Status of Domestic Violence Protection In 2020
As January is National Stalking Awareness Month, I wanted to honor victims by reviewing past and present domestic violence laws, and current progress made in combatting it. It’s a known fact that the Trump Administration did not renew the Violence Against Women Act (VAMA) last year. That decision has already proven to be a short-sighted grave mistake on their part.
Domestic violence takes many forms, some more insidious than others. It can verbal, physical, or done with cyberstalking warfare. With all the technological breakthroughs in our society over the last several decades, cyberstalking has unfortunately become a booming industry for all types of predators. An example of this is “phishing” when someone opens an email that scams them out of their personal confidential information. This type usually preys on the elderly and wipes out their bank accounts and steals their identity.
In the case of a scorned ex-lover, cyberstalking takes on a whole new terrifying meaning. Alexis Moore, who is now one of three worldwide cyberstalking experts, endured twelve long years at the mercy of an ex. He physically abused her and cyberstalked both her and her immediate family. While Alexis did manage to survive with her life, she lost immeasurable things of value. Two of those things were her identity, which her ex stole, and the other her financial well being. Alexis was forced to declare bankruptcy as that was the last resort used to throw her highly skilled perpetrator off her trail. The last most important thing taken was her sense of security, independence, and peace of mind.
It took years of reporting to law enforcement, running, and using honed survival skills. Still, Alexis was finally able to obtain a permanent restraining order. Unfortunately, that’s also in jeopardy as her ex, who is in jail on unrelated charges, is STILL in the process of stalking her with the end goal of controlling her life. To find out how that story ends, you will have to wait for the book I wrote to be published. After all the years Alexis endured looking over shoulder, not sleeping or eating, and fearing for her life regularly, she still cannot get to heal. That’s true more than ever since her ex remains determined to own and control her even from his jail cell.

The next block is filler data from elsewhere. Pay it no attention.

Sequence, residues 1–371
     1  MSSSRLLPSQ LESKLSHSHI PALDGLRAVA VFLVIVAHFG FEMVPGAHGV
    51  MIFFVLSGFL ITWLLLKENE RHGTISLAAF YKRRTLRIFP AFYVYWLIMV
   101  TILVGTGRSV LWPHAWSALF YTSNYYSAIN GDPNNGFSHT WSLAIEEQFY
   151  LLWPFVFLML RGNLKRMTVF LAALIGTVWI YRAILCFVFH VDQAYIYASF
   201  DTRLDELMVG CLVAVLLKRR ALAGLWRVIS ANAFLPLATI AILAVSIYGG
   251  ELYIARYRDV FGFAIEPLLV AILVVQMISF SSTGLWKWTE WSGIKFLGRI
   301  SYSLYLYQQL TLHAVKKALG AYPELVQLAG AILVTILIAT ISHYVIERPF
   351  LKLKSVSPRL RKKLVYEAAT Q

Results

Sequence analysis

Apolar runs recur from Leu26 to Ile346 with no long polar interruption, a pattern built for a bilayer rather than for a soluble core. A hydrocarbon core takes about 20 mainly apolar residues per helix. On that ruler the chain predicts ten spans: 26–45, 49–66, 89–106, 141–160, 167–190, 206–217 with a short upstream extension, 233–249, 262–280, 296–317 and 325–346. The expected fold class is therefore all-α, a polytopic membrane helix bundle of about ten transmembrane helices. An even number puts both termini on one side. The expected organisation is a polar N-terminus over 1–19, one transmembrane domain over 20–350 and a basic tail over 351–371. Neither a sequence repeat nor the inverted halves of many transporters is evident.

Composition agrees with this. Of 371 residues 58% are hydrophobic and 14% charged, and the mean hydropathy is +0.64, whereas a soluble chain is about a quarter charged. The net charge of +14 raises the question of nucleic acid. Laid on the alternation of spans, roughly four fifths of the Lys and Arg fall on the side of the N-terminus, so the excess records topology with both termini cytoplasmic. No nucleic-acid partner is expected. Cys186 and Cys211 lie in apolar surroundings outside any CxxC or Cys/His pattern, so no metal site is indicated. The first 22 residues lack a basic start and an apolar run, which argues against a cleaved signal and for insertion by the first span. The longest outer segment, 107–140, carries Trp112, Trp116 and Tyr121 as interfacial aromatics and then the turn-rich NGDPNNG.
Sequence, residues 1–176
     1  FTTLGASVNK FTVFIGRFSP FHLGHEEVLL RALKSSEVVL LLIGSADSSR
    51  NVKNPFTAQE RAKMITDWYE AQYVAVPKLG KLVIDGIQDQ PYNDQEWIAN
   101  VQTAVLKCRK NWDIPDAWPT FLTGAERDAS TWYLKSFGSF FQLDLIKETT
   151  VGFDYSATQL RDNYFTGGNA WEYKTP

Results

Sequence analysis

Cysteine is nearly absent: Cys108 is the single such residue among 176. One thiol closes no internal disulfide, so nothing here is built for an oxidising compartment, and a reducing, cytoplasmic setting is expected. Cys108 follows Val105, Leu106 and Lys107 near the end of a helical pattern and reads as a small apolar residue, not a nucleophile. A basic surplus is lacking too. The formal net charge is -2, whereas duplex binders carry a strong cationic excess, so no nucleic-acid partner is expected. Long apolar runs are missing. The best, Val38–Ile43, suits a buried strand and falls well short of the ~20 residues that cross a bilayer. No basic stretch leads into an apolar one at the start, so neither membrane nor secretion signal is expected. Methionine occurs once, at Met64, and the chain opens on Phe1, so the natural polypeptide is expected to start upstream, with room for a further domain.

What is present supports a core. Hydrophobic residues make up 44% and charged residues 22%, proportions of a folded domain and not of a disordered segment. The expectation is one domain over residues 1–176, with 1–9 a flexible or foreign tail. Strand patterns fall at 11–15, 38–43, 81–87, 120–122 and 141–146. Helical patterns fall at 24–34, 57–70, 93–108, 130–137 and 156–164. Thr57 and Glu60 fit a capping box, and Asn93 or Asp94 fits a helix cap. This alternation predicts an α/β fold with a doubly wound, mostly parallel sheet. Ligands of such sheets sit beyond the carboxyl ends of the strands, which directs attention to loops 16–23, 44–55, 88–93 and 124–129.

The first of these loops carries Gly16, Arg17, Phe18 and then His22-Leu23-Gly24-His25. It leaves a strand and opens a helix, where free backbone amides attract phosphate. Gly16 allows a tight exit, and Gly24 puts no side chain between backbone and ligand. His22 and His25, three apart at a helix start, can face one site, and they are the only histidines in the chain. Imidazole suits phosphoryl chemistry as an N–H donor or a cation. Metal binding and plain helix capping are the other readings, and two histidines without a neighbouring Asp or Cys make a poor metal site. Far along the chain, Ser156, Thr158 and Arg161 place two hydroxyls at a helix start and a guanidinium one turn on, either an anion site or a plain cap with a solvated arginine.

Another poignant example of cyberstalking is that of Lenora Claire. In 2011, she was named one of L.A. Weekly’s People of the Year for her work as a curator and casting director. Suddenly she had a man named Justin Massler (a.k.a. Cloud Starchaser) start stalking her. He even showed up at her gallery telling her she was his next victim. He was drawn to her dyed red hair and the fact that she resembled “Jessica Rabbit.” He had just made bail from stalking Ivanka Trump, and Lenora was his new victim. It has been verified that Massler suffers from a form of Schizophrenia and was homeless while cyber stalking her.
In the beginning, Claire did not take him seriously. However, when she began receiving explicit rape and death threats over email and social media, that immediately changed.
Over seven years, Claire has received more than 4,000 pieces of communication from Massler. This includes several obsessive websites and blogs dedicated to her, some of which suggested she be put on a “rape list.” Throughout the stalking, Lenora did not eat, sleep, or have any quality of life, very similar to Alexis’s experience. Prepared with a veritable library of evidence that included thousands of threatening emails, voicemails, handwritten notes, and social media posts, she went to the LAPD. The goal was to walk out with a restraining order. Given the paper trail he’d left, she thought she’d have no problem (MelBeta 2011).
As is often the case, Lenora received the same reception Alexis did from the police. They denied her request for a restraining order despite the piles of physical evidence she provided. They told her if she wanted to solve the problem, she should “Change your hair color and get off the internet.” The result is that for years she was subjected to stalking and harassment by Massler.
“It was like I was being held underwater and that I was trying to scream, but nobody could hear me or would help me,” Lenora says (MelBeta, 2011).
According to cyberstalking expert, risk management consultant, and attorney Alexis Moore, the police usually prefer to use their time and resources following up on more tangible, clear-cut offenses like robbery or murder. “Stalking crimes can also be ‘he said, she said’ situations,” explains Moore. “They’re difficult to prove. Often, it’s not clear to the police that a law has been broken until the worst happens.” That might explain why in half of all reported stalking cases, the only action taken is filing a report. Twenty percent of the time, the police do nothing at all (Alexis Moore, 2011).